The bummer news is that many people will develop cancer as a result of eating too much sugar, and that people who already have the disease may be unknowingly making it worse. Did you know that past research suggests that teen girls who eat a poor diet – including a lot of sugar – could be increasing their risk for breast cancer later in life?
It’s worth it to quit sugar, even if cancer isn’t on your radar. You’ll actually have more energy (that’s because sugar spikes lead to energy crashes). You’ll stop craving more sugar, and you’ll lose weight. Your digestive system will work more efficiently, and you’ll have less acne and fewer skin problems.
 Science Daily
The 2 most important keys to a healthy lifestyle are diet and exercise. But Coca-Cola desperately wants people to believe that diet isn’t as important as exercise, which isn’t much of a surprise, considering the products the company makes. But what you may not know is that Coca-Cola is willing to sink to low levels in order to deceive the public in order to sell more products.
A report published January 29 in the health policy journal Milbank Quarterly reveals that e-mails between Coca-Cola and top officials from the U.S. Centers for Disease Control and Prevention (CDC) show that the company tried to use its influence with the agency to push the World Health Organization (WHO) to emphasize exercise over diet as the solution to the obesity epidemic.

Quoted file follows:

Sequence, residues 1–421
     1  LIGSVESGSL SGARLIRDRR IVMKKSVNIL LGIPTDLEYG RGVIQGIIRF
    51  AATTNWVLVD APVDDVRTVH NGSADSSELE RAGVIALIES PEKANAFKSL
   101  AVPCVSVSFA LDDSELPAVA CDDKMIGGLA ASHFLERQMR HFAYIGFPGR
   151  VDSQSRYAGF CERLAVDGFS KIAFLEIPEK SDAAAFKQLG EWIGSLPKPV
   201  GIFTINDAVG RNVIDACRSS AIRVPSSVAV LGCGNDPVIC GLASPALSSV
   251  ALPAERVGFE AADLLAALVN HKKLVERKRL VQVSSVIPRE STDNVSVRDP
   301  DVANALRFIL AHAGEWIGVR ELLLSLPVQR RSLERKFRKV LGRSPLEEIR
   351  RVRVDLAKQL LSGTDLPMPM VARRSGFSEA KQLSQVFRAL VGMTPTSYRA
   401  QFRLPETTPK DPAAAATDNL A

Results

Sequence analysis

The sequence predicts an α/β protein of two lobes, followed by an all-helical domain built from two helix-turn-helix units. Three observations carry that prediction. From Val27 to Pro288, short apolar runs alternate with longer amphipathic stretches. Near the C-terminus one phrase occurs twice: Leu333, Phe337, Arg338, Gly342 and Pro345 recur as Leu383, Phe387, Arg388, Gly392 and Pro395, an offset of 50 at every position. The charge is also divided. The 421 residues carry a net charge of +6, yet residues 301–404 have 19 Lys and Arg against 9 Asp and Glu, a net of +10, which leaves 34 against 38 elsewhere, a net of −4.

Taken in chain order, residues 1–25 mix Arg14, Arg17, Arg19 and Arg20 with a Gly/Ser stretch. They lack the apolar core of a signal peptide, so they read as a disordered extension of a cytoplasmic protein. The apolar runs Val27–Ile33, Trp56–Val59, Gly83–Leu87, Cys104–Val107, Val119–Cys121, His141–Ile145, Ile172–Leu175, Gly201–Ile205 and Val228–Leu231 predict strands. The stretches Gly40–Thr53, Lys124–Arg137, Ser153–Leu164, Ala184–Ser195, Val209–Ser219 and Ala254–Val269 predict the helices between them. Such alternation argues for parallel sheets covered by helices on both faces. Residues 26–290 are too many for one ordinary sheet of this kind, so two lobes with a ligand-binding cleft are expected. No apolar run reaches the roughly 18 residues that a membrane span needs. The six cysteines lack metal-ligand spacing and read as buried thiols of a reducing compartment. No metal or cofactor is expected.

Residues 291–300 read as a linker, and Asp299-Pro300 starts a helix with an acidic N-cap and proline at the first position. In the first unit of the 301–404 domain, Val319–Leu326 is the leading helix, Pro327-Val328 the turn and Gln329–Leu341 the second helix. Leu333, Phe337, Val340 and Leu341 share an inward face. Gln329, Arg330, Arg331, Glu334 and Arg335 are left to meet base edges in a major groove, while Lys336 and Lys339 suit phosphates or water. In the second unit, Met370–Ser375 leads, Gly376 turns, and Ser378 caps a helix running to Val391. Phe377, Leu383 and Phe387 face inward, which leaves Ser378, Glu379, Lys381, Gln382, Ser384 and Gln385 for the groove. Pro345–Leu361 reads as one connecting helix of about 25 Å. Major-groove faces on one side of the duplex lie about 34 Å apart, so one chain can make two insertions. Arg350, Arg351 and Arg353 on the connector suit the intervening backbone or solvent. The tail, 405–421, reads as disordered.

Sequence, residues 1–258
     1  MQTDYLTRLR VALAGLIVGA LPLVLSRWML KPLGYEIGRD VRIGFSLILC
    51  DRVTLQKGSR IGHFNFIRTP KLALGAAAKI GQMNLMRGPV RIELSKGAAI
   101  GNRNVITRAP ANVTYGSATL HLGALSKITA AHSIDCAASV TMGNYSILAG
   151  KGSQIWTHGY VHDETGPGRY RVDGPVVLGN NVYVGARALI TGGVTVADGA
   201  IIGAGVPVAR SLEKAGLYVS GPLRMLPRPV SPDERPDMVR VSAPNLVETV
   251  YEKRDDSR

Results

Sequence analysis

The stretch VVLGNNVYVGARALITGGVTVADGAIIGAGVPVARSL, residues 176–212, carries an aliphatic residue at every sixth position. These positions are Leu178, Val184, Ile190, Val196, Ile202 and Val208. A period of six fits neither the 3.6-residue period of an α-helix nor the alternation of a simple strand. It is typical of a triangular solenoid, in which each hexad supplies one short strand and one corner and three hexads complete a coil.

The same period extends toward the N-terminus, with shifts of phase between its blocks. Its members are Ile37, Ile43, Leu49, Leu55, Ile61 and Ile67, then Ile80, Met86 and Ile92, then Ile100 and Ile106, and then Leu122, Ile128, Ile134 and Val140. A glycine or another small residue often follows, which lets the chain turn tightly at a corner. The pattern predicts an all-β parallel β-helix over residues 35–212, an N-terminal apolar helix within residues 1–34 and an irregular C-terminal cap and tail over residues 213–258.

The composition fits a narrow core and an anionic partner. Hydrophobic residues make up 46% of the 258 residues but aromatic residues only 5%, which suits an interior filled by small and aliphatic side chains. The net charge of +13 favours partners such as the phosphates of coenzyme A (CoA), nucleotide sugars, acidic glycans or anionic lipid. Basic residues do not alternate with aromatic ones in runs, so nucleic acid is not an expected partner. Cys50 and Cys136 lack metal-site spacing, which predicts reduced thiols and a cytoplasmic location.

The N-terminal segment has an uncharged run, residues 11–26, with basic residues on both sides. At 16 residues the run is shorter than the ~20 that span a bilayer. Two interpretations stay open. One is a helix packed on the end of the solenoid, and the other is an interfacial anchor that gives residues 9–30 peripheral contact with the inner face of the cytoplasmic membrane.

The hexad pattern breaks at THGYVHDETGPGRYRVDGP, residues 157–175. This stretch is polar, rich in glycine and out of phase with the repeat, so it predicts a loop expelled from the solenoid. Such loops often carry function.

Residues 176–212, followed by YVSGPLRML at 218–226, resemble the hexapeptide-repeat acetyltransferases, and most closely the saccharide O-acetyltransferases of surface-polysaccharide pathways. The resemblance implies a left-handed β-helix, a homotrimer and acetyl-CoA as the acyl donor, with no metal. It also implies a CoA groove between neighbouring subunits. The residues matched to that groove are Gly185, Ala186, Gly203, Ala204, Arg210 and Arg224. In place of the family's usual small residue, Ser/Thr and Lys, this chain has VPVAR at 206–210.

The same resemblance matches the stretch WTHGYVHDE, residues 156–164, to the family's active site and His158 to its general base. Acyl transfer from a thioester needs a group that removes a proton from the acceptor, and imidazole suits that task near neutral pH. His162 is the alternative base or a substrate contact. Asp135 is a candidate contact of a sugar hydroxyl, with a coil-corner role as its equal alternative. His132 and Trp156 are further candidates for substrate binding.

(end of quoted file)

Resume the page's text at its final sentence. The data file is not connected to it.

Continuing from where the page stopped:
The report is new, but the methods are not.
The Coca-Cola Deception
Back in 2013, the corporation came out with an advertising campaign centered on the nation’s status on health and obesity. In the ads, Coca-Cola claimed to be doing its part to fight obesity by creating products that help people lose weight. In other words, diet soda.
As we wrote in 2013, Coca-Cola explains in the campaign how it can play an important role in fighting obesity by offering low- and no-calorie beverages, and stresses that the obesity epidemic is not caused simply by consuming the calories in its products.
Coca-Cola has been accused in the past of paying scientists to shift the blame away from junk food and sugary drinks for causing the obesity epidemic. The company was even caught red-handed donating large sums of money to “charities” that published propaganda telling people that soda has nothing to do with obesity, diabetes, and the many other health problems associated with obesity. It was further revealed that Coca-Cola paid health writers, bloggers, and spokespeople to push soda on the public as a healthy beverage.
This time, consumer groups are accusing the company of trying to sway the CDC toward policies that would benefit its products by corresponding with top agency officials and donating to the CDC Foundation. These alleged actions were discovered through Freedom of Information Act (FOIA) requests.
For example, former Coca-Cola senior vice president Alex Malaspina wrote in one newly discovered e-mail that the WHO “should not only consider sugary foods as the only cause of obesity but to also consider the lifestyle changes that have been occurring throughout the universe.”
The report states:
“The e-mails we obtained using FOIA requests reveal efforts by Coca-Cola to lobby the CDC to advance corporate objectives rather than health, including to influence the World Health Organization.”